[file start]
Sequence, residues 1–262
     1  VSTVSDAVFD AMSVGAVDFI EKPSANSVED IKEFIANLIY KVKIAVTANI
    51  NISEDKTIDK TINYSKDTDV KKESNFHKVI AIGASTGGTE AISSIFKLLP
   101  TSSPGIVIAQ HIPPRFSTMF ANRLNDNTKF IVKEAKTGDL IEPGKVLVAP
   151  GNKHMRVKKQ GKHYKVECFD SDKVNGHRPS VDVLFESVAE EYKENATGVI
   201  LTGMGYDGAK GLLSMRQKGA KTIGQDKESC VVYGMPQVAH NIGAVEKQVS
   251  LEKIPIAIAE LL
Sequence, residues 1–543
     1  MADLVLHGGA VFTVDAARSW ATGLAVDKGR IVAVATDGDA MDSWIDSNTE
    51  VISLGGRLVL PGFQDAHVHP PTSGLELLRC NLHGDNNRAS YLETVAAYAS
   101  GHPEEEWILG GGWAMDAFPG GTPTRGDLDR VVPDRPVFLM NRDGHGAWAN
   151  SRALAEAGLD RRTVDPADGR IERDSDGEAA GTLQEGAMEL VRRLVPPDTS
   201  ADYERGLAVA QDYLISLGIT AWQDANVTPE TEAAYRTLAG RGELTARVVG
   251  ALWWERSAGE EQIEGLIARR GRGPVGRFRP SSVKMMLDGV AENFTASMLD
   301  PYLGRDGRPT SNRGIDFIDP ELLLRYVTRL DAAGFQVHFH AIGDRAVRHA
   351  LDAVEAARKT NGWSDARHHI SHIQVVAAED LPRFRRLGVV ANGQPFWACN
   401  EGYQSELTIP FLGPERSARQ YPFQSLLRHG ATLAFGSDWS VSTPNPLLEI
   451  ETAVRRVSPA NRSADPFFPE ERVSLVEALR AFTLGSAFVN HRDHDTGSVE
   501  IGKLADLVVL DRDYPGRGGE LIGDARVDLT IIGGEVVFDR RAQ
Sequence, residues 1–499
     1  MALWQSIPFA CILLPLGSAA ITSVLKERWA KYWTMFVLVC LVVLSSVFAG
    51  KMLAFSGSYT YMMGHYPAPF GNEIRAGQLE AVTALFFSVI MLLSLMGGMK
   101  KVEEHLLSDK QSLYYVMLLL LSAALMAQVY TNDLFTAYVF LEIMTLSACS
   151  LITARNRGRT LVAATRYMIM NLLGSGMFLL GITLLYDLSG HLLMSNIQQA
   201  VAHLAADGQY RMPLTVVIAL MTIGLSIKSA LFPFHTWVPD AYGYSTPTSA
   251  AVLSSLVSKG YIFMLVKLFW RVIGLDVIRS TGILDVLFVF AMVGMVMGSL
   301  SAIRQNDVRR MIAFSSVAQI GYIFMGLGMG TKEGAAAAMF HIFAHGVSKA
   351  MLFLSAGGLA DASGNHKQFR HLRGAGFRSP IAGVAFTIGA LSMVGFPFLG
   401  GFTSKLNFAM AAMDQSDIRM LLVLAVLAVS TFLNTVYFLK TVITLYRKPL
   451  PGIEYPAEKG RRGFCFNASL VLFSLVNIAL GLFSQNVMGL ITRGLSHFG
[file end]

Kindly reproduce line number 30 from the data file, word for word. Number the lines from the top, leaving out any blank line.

   451  PGIEYPAEKG RRGFCFNASL VLFSLVNIAL GLFSQNVMGL ITRGLSHFG